Twenty recruiters are seated at fold-up tables along a canal that separates two rows of shoe and handbag factories in Dongguan. Billboards tout monthly wages of Rmb1,800 to Rmb2,800 ($445) at a shoe factory and more at a technology company, but the alfresco jobs fair is missing one thing: workers.
While the weeks after Chinese New Year, which was celebrated towards the end of January, are traditionally the busiest period for jobs, recruiters in this part of the southern industrial city of 8.2m people outnumber potential employees by about four to one.
An hour away by train on the outskirts of Shenzhen, the special economic zone bordering Hong Kong, the scene could not be more different. About 1,000 workers queue for interviews at Foxconn, the Taiwanese maker of computers and mobile phones for a host of western brands, including Apple.
Monthly salaries at Foxconn are higher than clothing factories – from Rmb2,400 to Rmb3,500, including overtime – but, for many young Chinese, the cachet of working on computers is the real draw.
Zhu Fan, a 20-year-old from Hunan province, said he wanted a job at the huge factory so he could develop, as he strives to “make a step upward every two years”.
Younger workers, who are typically better educated, are attracted by the higher salaries at technology companies, where rapid productivity gains mean employers can pay more. But many also prefer them because they believe the jobs are more interesting.
China’s labour market, just like the country, is diverse. Electronics companies do not face big worker shortages. On the coast of Fujian province, for example, TPV Technology, a Chinese television manufacturer that last year bought Philips’ HDTV business, says hiring is on track.
But in Zhongshan, a southern Chinese factoryville like Dongguan where companies make everything from lighting fixtures to shoes, the local government said this week that many factories were delaying reopening because the area was short of tens of thousands of workers.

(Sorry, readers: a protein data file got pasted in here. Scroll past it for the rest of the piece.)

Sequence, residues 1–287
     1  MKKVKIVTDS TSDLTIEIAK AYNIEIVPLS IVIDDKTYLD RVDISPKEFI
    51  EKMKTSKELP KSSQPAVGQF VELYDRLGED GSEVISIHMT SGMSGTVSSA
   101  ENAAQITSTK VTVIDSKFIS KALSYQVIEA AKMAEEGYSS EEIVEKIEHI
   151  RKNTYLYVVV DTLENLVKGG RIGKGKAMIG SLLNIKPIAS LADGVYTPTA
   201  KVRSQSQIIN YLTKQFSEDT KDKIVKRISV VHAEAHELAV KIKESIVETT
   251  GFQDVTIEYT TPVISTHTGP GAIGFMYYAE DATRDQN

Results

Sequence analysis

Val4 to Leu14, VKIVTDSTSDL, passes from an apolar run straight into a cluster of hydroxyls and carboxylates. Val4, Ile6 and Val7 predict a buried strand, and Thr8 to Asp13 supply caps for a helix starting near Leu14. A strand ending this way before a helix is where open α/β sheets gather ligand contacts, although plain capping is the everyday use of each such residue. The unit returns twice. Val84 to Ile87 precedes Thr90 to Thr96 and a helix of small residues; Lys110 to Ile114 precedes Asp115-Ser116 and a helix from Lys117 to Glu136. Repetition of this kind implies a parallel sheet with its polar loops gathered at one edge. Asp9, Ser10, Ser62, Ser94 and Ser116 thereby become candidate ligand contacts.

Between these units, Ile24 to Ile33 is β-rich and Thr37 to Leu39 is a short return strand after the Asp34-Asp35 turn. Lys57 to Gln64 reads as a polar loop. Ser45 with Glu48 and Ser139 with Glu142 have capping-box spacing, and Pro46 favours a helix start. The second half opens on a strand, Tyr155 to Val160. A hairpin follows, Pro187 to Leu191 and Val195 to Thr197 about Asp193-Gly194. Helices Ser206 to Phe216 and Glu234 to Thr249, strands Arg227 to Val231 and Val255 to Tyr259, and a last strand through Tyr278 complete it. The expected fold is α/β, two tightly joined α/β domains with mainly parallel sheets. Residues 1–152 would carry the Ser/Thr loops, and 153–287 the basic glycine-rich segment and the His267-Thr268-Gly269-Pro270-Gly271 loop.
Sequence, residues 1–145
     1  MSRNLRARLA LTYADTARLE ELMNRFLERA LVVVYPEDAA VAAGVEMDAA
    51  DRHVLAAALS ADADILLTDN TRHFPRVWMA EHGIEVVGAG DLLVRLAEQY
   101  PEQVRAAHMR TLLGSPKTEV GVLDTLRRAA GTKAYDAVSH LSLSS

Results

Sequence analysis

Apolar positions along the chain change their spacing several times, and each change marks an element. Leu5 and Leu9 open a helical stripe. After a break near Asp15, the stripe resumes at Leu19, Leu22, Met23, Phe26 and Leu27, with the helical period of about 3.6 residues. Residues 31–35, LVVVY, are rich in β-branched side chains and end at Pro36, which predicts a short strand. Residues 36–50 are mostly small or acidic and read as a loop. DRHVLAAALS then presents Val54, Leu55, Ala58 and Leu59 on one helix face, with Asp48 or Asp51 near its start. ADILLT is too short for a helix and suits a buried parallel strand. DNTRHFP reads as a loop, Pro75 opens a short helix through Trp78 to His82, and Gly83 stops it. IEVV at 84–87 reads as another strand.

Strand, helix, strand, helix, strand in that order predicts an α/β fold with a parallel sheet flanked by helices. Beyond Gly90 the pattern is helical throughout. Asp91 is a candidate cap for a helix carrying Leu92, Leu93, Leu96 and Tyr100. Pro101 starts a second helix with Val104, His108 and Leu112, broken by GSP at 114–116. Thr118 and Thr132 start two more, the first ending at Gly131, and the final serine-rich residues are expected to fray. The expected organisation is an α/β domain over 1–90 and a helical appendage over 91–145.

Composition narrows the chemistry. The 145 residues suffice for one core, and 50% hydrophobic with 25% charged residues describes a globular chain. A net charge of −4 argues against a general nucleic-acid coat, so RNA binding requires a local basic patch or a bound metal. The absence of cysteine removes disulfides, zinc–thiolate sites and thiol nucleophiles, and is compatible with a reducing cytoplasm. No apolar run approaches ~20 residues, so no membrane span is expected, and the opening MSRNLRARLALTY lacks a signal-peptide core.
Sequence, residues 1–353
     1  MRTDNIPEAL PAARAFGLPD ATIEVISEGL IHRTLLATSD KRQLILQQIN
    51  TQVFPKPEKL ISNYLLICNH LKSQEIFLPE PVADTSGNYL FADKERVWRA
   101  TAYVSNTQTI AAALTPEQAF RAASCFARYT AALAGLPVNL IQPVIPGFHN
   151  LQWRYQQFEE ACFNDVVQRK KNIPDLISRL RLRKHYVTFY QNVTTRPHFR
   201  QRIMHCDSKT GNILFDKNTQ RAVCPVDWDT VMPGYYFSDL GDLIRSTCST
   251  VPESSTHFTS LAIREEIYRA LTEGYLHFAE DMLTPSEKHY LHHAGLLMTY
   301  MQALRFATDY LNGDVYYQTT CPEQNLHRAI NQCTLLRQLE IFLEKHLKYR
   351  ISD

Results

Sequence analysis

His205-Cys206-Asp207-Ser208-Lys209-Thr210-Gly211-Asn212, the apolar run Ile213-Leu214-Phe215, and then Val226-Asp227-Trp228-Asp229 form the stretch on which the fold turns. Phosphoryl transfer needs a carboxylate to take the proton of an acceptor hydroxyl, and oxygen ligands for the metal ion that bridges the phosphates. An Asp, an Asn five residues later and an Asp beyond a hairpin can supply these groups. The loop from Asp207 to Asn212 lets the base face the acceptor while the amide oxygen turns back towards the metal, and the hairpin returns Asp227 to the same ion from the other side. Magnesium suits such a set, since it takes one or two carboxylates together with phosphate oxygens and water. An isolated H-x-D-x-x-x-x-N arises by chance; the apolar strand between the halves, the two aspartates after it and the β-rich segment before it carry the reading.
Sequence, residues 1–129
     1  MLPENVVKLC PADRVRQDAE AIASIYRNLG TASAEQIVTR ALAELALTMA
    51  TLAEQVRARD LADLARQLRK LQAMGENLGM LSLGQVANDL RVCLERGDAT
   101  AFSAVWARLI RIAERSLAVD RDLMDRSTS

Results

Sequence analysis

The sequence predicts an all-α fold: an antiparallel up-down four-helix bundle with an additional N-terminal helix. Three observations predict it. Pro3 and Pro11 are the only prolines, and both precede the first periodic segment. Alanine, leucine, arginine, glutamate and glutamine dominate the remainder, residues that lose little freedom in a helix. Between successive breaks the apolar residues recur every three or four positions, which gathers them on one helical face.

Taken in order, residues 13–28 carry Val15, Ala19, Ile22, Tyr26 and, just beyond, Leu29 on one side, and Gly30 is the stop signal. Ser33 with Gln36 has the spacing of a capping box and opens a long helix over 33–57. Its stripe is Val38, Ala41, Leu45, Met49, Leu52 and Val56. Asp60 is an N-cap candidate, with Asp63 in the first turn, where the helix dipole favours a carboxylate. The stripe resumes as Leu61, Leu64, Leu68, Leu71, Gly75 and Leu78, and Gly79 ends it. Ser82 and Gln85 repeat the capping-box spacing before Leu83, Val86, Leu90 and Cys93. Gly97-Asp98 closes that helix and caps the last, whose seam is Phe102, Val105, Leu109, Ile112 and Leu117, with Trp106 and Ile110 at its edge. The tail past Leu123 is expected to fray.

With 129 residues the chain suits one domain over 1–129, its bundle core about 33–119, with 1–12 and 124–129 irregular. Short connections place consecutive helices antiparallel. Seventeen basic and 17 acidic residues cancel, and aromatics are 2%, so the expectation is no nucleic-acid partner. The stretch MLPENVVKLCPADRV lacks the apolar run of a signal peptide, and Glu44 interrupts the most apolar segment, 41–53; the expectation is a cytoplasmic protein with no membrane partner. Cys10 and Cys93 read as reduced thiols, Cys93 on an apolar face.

For western consumers, that trend almost certainly means higher prices for everything, from jeans to handbags to shoes.
For China, it means a migration of some of these low-end jobs to countries such as Indonesia and Bangladesh where labour costs are lower. But it does not mean the end of China’s dominant position in manufacturing in the developing world, as the country’s clustering of supplier networks and first-world infrastructure means it is retaining a big share of these jobs and those in electronics despite the labour shortages.
To lure workers from competitors, many employers offer incentives such as dormitories with air-conditioners, a guaranteed hot water supply and better food in the canteen. In Dongguan, a sign-on bonus of Rmb400 to Rmb600 has also become widespread, yet employers still complain of being understaffed.
Leji Chengpin Leather in Dongguan raised salaries by about 20 per cent this year and recruited more than 60 workers. However, about 20 left within the first week, saying they were not suited to the work or were dissatisfied with working conditions.
“Today’s workers have many choices,” explains Zheng Bingjun, the company’s personnel manager. “If there is any dissatisfaction at work, they will change …Even as they enter the factory, they are thinking about leaving. My job gets more difficult every year.”
Mr Zheng requires team leaders to spend five minutes a day talking to recruits on issues at work, in an attempt to boost employee retention.
It is simplistic to assume that double-digit salary increases in China are translating into a hollowing-out of the manufacturing base, says Stephen Green, a Standard Chartered economist.
He notes that labour productivity rose 10 per cent annually from 2000 to 2010, about the same level as wages increased.
“China may be losing sock and T-shirt manufacturing to Bangladesh and Vietnam but, in mid-tech goods, its prowess is still unparalleled,” he says.
The age of staff in China, where most factory workers are in their twenties, is also set to rise, according to Capital Economics, a research company, as more people in their fifties continue to work.
On a dusty road in Dongguan, that is little consolation for Mr Liu, a shoe factory recruiter. He aimed to hire 200 to 300 workers but has only recruited a dozen over two days. His company set up a factory two years ago in the more northern province of Jiangxi, which is far less industrialised than Guangdong.
“It’s hard to find workers there as well. Labour costs [are] just Rmb100 to Rmb200 less,” he says.
Additional reporting by Zhou Ping
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